I give this beautifully animated Rankin/Bass movie...a 62/100.
Let me ask you: have you ever heard of Rankin/Bass? Of course you have, and even if you haven't, you're guaranteed to have seen at least some of their movies, namely their animated or stop-motion Christmas specials. Frosty The Snowman, Rudolph The Red Nosed Reindeer, Santa Claus Is Comin' To Town, etc. But did you know they made non-holiday movies as well? You didn't? No surprise there. Funnily enough, they made some pretty good animated movies. They even made several animated movies for Lord of the Rings and The Hobbit, BEFORE Peter Jackson got his hands on the franchise! Bet you didn't know that, now did you? I sure didn't! But we're not here to talk about LOTR. Instead, we're going to focus on another Rankin/Bass animated book adaptation: The Last Unicorn, by Peter S. Beagle. A lot of my animation-loving friends had seen it and loved it. I even heard that many of the Japanese staff who worked on the movie went on to work for Ghibli, which is saying something! I had intended to watch the movie, as I thought it looked great, but could never find it. Then I randomly found it on Netflix and sat down to watch it. At first, I thought it started out great!...but the second half went downhill. Hard.
Sorry, but I don't think this movie is the masterpiece people make it out to be. Believe me, I want to like this movie more than I do!
Based on the novel by Peter S. Beagle, the story centers around a unicorn who lives in an enchanted forest, but has never seen others of her own kind. When she overhears some soldiers saying all other unicorns are gone, the unicorn can't believe it, so she leaves her safe forest and goes on a journey to find the rest of her kind. On the way, she meets a rookie magician named Schmendrick and an old lady named Molly Grue, who accompany her on her quest to find other unicorns and see what the deal is with this so-called Red Bull. Yeah, that's literally it. The story isn't much to write home about, as it's been done many times before in many other mediums. But that's not to say it can't be done well. At first, the story is rather interesting. However...we'll get to why it went downhill later on.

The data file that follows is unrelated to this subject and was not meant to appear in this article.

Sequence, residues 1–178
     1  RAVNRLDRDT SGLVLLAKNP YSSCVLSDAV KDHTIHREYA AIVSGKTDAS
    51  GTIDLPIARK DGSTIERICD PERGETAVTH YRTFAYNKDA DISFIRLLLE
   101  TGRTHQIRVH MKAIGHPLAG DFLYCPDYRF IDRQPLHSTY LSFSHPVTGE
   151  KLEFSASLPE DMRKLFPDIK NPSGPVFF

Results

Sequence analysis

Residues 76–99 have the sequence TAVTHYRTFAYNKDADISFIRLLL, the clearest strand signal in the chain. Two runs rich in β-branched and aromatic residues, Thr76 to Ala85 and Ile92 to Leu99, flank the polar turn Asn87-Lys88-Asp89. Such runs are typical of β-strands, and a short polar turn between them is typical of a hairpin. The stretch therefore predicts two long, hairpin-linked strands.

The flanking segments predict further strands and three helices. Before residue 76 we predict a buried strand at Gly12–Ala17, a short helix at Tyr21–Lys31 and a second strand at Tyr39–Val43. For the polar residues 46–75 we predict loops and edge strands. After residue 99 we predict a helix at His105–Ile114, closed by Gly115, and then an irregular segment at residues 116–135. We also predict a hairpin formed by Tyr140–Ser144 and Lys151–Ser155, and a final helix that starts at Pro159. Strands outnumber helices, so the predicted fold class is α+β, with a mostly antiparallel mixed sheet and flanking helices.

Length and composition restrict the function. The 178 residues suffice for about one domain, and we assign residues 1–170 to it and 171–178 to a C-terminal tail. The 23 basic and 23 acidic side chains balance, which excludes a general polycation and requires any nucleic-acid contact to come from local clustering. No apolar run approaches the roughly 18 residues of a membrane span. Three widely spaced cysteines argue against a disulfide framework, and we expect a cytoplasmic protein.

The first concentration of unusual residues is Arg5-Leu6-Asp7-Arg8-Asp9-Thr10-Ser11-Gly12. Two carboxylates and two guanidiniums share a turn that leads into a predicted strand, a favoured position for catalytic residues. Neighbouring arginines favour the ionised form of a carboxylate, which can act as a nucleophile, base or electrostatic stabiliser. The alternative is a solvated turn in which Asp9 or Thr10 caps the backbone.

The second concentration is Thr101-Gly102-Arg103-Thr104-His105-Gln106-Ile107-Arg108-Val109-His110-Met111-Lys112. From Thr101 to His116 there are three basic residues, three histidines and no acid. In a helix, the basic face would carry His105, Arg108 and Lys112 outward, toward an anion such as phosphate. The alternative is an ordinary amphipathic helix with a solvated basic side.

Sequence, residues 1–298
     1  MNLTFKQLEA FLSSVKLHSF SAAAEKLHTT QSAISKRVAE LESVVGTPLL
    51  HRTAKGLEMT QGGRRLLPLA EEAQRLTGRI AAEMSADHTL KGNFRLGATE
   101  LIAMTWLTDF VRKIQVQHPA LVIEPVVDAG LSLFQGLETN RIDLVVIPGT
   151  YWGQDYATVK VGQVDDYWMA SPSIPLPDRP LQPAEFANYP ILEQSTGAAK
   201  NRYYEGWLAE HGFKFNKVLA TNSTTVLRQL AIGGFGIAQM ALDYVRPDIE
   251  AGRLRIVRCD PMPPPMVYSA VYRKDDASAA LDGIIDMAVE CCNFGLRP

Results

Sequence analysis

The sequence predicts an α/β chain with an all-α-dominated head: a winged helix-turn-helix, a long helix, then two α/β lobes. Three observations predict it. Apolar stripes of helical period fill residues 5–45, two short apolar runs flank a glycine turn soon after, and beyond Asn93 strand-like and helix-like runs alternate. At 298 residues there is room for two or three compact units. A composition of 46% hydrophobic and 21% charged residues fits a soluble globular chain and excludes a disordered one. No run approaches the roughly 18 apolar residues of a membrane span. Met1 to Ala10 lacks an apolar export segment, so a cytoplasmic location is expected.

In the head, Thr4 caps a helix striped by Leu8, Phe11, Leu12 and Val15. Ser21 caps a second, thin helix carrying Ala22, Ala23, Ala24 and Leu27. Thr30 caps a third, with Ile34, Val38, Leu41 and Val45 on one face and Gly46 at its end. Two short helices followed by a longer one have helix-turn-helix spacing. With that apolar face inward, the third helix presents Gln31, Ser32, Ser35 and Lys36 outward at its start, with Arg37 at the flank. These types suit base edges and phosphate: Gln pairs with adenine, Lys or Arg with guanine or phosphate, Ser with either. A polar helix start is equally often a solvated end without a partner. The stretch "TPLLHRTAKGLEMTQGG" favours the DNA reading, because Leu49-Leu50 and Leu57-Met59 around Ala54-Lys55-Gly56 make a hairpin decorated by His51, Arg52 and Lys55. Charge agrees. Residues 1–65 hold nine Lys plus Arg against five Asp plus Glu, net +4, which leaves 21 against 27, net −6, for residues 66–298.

Anyway, onto the positives: first off, the animation. I don't think I need to say much about the animation other than it's just beautiful. Every scene is painted and drawn in painstaking detail, from the bright, lush colors of sunlit forests to dark, brooding caves and castles near the stormy seas, perfectly capturing the atmosphere and feel of a scene. The artwork really sucks you in, which really helps the immersion. I did notice a couple goofs here and there, such as the occasional body part being oddly proportioned, but it's a cartoon. What do you expect? Also, considering this was animated by people who would eventually go on to make Studio Ghibli, is it really any surprise that the animation looks as good as it does?
Honestly, I didn't find the music to be very memorable even though I liked the soundtrack, but the songs were very good as far as I know. Most of them were sung by an old band called America, who I honestly never heard of. Then again, I was born in 1993 so I know nothing about them anyhow. I really did like their Last Unicorn song, which plays at the beginning and end of the movie. I did, however, find out that the soundtrack was done by an actual orchestra, and I'm a sucker for orchestras, so...forgive me for being kinda superficial here, but I'm willing to give it points just for that alone. Yeah, I'm soooo objective, right?
In the first half of the movie, the characters are...okay, I guess. Not bad, but not particularly reaching any highs in terms of character development either. Schmendrick was pretty fun, and Molly, while her characterization was inconsistent at first, eventually came into her own later on. Note how I only talk about the first half of the movie and not the second half. That's because the movie REALLY derails after the second half, and it's overall quality takes a nose dive harder than a fat man jumping into a pool. No, I'm not even kidding. Few movies and shows I've seen have transgressed from so good to so utterly bad in such a short amount of time. As much as I really want to like this movie more than I do, other than the animation, I honestly can't say anything positive about the utter mess this movie becomes. When the characters find their way to a mysterious dark castle, the movie loses all of its subtlety and does away with everything that made it good. The stay at the castle is unnecessarily padded out, the characters lose all their charms, new ones are introduced that serve utterly no purpose, and so on. The unicorn in particular really suffers when she's made to turn human, because when she becomes a human girl, she suddenly turns into this whiny, indecisive, bland, lovesick shoujo anime girl with no agency or self-awareness. Oh, and the movie introduces a love interest to her, and the romantic development between them is just BAAAD. When they first meet, the unicorn understandably doesn't want to be near him, but not two scenes later, the two kiss and make out even though they not only just met, but have no reason to even get together in the first place! The reveal at the end is not only really stupid, it also raises a lot of questions that the movie makes no attempt to answer.
I hate to be so hard on this movie, as it really could have been something great and did something with its premise. But as it is, I can't recommend it unless you want a study on how not to write a story. The Last Unicorn tries to be good, but the awful second half just isn't worth the watch.